Height is a good example of a complex trait because we know genetics contributes significantly to variation in height (nutrition is important as well). However, height is a composite of many different aspects of our bodies: the length of our necks, the length of our torso, the length of our femur, and so on. In other words height represents an amalgamation of genetics acting on multiple traits all with a much smaller effect. Only when taken together do we see the larger change.

I have been thinking a lot about the genetics of complex diseases/traits and how we may best understand them. I mention it here to introduce the topic, which I will hopefully talk more about soon.


Saturday, September 22, 2012

Spanish fresco restoration again

I wrote about the story of the lady in Spain who painted over the fresco of Christ. She over estimated her talent, well now she is requesting compensation for it which she will give to charity.

I'm really not sure what to think. She claims that since there has been increased tourist traffic to the Church to see her "restoration", she should be given a portion to do with as she wishes. My guess is that it is more of a mockery than anything. They are not going to admire artistry, but a person going beyond themselves and making light of a monkey depiction of the Savior. Not a fan if that is the case. Hopefully I am wrong.

Makes me want to double check where I think my own skills are. And if I should be as confident as I thought.

Thursday, September 20, 2012

Grateful

A grateful heart, then, comes through expressing gratitude to our Heavenly Father for His blessings and to those around us for all that they bring into our lives. This requires conscious effort—at least until we have truly learned and cultivated an attitude of gratitude. --Pres. Thomas S. Monson (source)

Monday, September 17, 2012

Forgetfulness and Self-introspection

I am unsure why last week was so hard to blog. I just completely forgot with everything going on. I'm not sure it was particularly busy, though a lot did happen. I think mostly I fell out of the habit of looking for things.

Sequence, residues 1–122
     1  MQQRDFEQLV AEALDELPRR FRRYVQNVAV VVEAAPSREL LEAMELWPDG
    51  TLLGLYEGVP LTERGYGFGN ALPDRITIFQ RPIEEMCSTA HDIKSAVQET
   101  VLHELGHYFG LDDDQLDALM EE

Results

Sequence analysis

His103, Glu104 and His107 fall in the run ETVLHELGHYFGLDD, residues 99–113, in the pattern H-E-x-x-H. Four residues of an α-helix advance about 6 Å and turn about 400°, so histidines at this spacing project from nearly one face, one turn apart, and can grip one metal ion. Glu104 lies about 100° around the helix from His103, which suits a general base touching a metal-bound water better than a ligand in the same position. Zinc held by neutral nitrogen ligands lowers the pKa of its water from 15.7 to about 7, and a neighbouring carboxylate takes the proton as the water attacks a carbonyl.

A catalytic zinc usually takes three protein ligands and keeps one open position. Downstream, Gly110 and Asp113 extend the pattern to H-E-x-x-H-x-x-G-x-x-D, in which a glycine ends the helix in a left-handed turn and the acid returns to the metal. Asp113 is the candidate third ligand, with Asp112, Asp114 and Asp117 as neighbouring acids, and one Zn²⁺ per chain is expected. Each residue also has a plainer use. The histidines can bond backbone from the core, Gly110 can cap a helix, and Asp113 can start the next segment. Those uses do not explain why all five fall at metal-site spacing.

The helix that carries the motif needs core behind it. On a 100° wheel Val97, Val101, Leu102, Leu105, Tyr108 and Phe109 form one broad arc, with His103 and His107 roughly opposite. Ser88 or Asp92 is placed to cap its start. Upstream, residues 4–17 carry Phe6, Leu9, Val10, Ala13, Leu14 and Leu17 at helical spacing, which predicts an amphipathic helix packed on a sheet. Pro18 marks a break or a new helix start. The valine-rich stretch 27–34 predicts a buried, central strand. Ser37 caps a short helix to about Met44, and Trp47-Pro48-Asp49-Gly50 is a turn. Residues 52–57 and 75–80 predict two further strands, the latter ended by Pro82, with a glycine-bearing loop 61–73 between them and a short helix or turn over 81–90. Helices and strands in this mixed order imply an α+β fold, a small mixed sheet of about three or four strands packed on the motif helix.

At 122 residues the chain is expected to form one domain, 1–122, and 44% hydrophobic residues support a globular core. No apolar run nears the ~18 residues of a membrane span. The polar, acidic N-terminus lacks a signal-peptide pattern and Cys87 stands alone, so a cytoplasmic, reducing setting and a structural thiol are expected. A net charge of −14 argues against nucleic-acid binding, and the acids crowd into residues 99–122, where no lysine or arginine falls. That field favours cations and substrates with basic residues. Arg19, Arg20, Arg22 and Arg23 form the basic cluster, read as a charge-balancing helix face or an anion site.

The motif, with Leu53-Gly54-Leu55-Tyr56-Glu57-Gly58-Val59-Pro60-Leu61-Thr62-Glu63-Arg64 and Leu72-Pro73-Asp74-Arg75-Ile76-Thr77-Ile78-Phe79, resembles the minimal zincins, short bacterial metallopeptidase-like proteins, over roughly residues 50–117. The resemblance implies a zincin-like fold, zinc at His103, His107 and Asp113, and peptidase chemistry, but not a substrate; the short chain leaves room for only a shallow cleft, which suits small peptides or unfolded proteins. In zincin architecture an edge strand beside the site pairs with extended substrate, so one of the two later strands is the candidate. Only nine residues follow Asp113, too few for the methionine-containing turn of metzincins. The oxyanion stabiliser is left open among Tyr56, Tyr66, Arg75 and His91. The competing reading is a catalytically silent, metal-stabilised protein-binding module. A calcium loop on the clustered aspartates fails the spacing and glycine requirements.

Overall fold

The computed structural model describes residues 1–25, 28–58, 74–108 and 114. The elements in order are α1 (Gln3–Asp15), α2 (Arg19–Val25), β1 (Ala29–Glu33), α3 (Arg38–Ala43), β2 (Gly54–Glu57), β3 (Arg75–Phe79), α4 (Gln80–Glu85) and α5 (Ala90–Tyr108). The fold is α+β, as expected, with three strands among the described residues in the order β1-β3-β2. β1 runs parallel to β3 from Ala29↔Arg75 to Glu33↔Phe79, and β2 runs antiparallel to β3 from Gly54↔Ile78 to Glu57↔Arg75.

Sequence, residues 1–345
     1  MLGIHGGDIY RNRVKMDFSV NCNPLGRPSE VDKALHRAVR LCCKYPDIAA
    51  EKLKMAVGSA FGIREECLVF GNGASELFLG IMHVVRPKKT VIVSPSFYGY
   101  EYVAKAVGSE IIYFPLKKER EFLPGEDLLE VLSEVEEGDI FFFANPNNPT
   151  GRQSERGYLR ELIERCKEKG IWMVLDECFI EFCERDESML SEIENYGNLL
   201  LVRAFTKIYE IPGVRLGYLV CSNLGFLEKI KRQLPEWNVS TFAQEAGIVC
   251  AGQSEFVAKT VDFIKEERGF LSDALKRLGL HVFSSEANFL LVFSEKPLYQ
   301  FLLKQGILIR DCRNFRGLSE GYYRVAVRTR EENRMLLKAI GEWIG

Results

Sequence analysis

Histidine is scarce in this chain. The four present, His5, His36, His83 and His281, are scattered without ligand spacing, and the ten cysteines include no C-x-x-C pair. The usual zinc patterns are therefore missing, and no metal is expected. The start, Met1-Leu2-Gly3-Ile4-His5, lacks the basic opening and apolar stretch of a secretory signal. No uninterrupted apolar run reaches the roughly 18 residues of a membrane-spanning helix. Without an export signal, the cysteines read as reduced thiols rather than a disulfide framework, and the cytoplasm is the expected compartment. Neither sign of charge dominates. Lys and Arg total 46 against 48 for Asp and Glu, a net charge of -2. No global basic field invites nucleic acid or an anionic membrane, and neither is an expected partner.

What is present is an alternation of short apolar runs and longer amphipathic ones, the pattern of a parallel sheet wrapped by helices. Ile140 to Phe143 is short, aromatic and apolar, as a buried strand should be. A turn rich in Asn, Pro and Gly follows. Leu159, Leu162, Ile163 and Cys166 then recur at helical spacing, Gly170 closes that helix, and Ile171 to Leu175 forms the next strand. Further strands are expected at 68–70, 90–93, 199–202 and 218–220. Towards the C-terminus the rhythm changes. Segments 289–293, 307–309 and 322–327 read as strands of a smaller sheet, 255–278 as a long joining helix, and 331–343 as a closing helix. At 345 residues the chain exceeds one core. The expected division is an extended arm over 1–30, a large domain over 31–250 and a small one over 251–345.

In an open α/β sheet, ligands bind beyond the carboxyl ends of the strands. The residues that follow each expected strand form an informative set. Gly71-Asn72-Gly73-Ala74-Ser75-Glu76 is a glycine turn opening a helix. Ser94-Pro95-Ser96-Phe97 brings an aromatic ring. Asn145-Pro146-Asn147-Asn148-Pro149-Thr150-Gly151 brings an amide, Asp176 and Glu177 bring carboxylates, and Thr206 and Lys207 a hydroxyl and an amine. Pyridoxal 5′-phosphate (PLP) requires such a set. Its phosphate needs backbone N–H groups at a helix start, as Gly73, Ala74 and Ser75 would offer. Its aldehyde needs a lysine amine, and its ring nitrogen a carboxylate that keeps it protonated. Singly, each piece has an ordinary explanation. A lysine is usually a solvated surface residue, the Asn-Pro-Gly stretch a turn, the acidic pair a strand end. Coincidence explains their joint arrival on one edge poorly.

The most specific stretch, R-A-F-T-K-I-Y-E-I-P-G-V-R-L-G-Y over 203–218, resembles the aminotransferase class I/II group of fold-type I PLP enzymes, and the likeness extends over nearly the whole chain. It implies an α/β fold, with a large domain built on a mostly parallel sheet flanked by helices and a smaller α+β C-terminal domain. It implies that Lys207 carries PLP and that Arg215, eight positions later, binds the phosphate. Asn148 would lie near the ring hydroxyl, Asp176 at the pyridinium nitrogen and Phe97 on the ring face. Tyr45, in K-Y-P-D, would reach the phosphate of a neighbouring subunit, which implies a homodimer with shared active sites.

I taught Elders Quorum yesterday and really enjoyed the discussion. One of my favorite quotes from Pres. George Albert Smith was:
A man once said to me—or remarked in a place where I happened to be—“Why, these people here seem to think I am full of the devil, but I am not.” And I said to him, “My brother, did you ever know anybody that was full of the devil and knew it?” That is one of the tricks of the devil: To get possession of you and keep you from knowing it. And that is one of our difficulties. (source)
I like how it strikes at a fundamental issue we all face. Nobody wants to look at themselves and think, I am wrong or bad. We think we are generally good and give ourselves the benefit of the doubt. Its that old adage about how we judge ourselves by different standards than we judge others. My new favorite example of this is Judge Frollo from The Hunchback of Notre-Dame. He considers himself the ultimate example of piety, but we learn through his actions that he is the true monster of the story.

As a class we came up with some solutions to protect ourselves or at least fight against this tendency: self-introspection, humility as the main issue here is pride, and listening to friends we trust. I think these are all good ideas and I know I could do better at all of them.

Monday, September 10, 2012

Lorenso Snow for Next Year

So I was ordering some church materials and came across this link, to the Manual for Priesthood and Relief Society for next year. Pretty exciting!!